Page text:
German commemorations avoid Iranian Shoah denial

Analysis: Head of anti-Semitism monitoring watchdog tells 'Post' that Germany not carrying out its declared goal of combating modern anti-Semitism.

WARSAW GHETTO survivor Marcel Reich-Ranicki (R) 390 (photo credit: Tobias Schwarz/Reuters)
WARSAW GHETTO survivor Marcel Reich-Ranicki (R) 390
(photo credit: Tobias Schwarz/Reuters)
Germany commemorated the 67th anniversary of the liberation of Auschwitz on Friday in the Bundestag. The memorial event mirrored the form of remembrance across Europe’s capitals – a solemn pledge to heighten awareness about the crimes of the Holocaust and nebulous declarations about stopping future genocides.
In one of the more bizarre columns tackling the meaning of Holocaust Remembrance Day in the Bundestag, a journalist with the large daily Die Welt, complained about embarrassment because photographers showed up in jeans and sneakers to take photos of the keynote speaker, Marcel Reich-Ranicki. The journalist called for a dress code at future events.
Though last year Iranian lawmakers, who represent a Holocaust- denying government, appeared in the Bundestag for meetings, there were no media calls for a code of conduct barring Iranian deniers of the Shoah.
The 91-year-old Polish-born Reich-Ranicki spoke about how he survived the Warsaw Ghetto. Reich-Ranicki is widely considered to be one of Germany’s greatest book critics.
While the president of the Bundestag, Norbert Lammert of the Christian Democratic Union, admirably urged Germans to combat all expression of radical right-wing extremism, he failed to mention that his party colleague, Ruprecht Polenz, helped make his backyard hospitable for Iranian lawmakers who represent Holocaust denial.
In short, it can be argued, what the Bundestag president and deputies ignored on Friday was that their chamber cordially welcomed in June a delegation of Iranian parliamentarians who embody the genocidal rhetoric calling to abolish Israel and the Holocaust denial of Iran’s president, Mahmoud Ahmadinejad.
Polenz, as head of the Foreign Affairs Committee, facilitated the visit of Iranian lawmakers and defiantly declared that “sanctions do not rule out” talks with them.
Just this month Tom Koenigs, a deputy with the German Green Party, traveled to the Islamic Republic. The constant interplay between Iranian legislators and German deputies is part and parcel of a long-running love affair. That helps to explain why The Wall Street Journal Europe ran a series of editorial several years ago on “Germany loves Iran.”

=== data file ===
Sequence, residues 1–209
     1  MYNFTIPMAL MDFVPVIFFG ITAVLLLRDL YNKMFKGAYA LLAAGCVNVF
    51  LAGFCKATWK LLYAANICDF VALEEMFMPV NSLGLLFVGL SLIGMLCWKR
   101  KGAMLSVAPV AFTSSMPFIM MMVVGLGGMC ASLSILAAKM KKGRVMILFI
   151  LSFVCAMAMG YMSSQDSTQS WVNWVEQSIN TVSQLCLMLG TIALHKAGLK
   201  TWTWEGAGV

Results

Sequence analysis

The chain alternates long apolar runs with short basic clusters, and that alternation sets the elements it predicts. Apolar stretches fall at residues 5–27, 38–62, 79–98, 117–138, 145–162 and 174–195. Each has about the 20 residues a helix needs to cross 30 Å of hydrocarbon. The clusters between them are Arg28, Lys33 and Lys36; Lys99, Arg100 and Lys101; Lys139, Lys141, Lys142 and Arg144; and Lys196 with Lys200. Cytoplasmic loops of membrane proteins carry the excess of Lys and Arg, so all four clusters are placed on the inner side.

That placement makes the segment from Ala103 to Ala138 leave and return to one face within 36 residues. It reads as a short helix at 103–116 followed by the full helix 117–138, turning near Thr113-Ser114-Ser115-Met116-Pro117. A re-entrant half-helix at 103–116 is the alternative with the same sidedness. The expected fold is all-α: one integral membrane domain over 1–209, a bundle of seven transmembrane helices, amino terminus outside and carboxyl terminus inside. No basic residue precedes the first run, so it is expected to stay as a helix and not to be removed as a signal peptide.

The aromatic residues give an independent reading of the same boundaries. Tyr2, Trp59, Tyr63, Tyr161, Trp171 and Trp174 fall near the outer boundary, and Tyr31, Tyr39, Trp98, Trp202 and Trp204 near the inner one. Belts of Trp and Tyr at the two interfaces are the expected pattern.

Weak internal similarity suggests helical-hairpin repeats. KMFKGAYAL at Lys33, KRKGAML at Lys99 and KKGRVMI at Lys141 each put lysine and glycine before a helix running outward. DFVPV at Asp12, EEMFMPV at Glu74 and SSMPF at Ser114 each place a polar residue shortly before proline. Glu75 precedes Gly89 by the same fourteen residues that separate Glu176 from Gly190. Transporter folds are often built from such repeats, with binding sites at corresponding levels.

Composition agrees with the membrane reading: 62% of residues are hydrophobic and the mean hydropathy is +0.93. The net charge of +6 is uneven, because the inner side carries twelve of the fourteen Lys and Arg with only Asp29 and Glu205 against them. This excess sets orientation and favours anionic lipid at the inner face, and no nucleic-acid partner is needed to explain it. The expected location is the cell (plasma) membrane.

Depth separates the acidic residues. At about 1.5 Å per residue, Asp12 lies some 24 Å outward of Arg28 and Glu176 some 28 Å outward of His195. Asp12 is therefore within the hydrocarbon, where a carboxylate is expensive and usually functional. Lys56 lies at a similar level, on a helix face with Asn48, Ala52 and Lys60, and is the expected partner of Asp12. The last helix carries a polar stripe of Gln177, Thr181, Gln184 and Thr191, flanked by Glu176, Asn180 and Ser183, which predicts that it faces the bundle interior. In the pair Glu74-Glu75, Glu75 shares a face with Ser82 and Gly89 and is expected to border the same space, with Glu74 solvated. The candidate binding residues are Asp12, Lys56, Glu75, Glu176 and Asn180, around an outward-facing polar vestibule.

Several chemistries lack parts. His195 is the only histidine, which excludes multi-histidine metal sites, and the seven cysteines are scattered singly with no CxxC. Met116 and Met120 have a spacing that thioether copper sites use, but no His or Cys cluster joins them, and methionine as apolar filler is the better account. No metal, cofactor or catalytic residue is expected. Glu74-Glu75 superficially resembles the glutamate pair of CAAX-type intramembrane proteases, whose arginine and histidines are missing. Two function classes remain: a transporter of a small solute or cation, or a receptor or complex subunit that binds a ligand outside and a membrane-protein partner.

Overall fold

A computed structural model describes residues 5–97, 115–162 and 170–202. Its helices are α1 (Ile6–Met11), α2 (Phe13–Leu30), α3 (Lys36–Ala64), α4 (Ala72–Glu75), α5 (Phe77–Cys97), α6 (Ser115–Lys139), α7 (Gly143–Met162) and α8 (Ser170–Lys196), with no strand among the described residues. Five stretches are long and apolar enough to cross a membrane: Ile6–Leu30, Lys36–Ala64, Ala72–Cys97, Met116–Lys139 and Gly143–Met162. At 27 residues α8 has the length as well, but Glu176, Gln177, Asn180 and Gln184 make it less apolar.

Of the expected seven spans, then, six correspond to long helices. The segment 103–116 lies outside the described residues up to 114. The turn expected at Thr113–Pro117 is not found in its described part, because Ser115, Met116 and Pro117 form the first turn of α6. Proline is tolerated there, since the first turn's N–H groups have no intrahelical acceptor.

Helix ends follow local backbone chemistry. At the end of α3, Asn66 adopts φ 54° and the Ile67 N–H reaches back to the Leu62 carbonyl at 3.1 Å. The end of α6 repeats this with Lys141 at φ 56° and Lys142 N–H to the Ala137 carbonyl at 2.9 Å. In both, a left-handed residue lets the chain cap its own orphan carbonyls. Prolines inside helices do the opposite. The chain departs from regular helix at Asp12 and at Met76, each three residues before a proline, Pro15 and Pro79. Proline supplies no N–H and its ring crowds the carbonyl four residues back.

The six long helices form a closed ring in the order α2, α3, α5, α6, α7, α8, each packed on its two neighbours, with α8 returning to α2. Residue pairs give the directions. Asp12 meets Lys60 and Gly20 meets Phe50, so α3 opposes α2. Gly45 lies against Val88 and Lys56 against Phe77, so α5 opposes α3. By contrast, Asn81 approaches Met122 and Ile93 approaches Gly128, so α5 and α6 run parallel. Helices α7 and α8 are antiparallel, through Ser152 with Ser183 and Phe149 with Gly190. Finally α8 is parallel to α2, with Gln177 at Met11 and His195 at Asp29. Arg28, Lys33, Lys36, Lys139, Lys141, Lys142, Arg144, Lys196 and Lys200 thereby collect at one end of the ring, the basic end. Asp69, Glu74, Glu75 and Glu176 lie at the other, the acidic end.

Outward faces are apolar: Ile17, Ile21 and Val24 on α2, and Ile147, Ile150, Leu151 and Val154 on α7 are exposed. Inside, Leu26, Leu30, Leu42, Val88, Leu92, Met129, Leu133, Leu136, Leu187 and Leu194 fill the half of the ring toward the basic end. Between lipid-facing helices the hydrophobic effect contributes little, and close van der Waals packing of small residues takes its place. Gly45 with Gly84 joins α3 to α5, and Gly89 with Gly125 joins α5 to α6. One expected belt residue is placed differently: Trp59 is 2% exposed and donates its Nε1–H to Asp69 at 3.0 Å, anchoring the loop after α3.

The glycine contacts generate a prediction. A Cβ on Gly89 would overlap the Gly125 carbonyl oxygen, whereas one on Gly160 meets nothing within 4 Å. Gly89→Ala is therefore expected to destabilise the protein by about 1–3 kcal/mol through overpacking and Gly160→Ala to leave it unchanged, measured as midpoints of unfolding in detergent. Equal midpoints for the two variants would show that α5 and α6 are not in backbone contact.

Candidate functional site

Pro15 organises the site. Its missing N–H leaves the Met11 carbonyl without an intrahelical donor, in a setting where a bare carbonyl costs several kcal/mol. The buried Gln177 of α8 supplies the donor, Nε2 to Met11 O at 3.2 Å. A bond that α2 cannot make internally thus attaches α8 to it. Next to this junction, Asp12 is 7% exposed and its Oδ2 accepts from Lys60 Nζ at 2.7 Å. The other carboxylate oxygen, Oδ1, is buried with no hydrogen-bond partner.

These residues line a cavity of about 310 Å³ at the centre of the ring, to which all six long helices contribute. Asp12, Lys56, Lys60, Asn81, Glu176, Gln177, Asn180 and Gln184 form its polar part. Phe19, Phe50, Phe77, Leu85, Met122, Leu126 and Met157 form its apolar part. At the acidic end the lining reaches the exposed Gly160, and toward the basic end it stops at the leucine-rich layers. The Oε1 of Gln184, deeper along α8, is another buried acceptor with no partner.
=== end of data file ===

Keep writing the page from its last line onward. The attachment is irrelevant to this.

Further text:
There is a long bill of particulars to be leveled against Germany’s willingness to engage the main exporter of Holocaust denial, the Islamic Republic of Iran. Sacha Stawski, the Frankfurt-based head of Honestly Concerned, one of Germany’s most important watchdog organizations monitoring anti-Semitism, told The Jerusalem Post on Saturday that Germany is not carrying out its declared goal of combating modern anti-Semitism. He cited the presence of Iran’s media in Germany. “An official Bundestag document by an expert commission outlines, but not outlaws, how the Islamic Republic of Iran redistributes its anti-Semitic hatred and Holocaust denial right from within Germany through its IRIB TV channel,” Stawski said.
Germany permitted the current speaker of the Iranian parliament, Ali Larijani, to issue a statement at the Munich Security conference in 2009 in which elements of Holocaust denial were present. Larijani said his country has “different perspectives on the Holocaust,” and no laws barring such denial.
A year later, Peter Gauweiler, chairman of the Bundestag’s Culture and Education Committee, traveled with committee members from a cross section of German parties to meet Larijani in Tehran. The deputies, Luc Jochimsen from the Left Party, Claudia Roth from the Green Party, the Social Democrat’s Günter Gloser, and Monika Grütters, from the Christian Democrats, remained conspicuously silent about Larijani’s Holocaust denial.
Munich will host the annual security conference next week and Iran’s foreign minister, Ali Akbar Salehi, apparently will attend. Salehi was sanctioned by the EU for his illicit work on Iran’s nuclear program.
Many commentators have argued that the true litmus test for Germany’s willingness to confront its responsibility for the crimes of the Shoah is its policies toward Iran’s anti- Semitism and its nuclear program.
Tom Gross, a British-born Middle East commentator, told the Post on Saturday that “while Holocaust remembrance is welcome, it is contradicted by German officials not shunning representatives of the world’s leading Holocaust-denying government.”
Gross continued, “They [Germans] need to make up their minds about whether they are serious about combating Holocaust denial.”
Stawski told the Post that “Germany carries a special responsibility towards Jews and towards the one and only Jewish state.”
While the Bundestag commemoration event, to its credit, prioritized the horrific scandal surrounding the lackluster fight against a neo-Nazi cell that over the past decade murdered Greek and Turkish immigrants, as well as a German police woman, critics are troubled by the German government and Bundestag’s blind spot – Iranian genocidal anti- Semitism and Holocaust denial.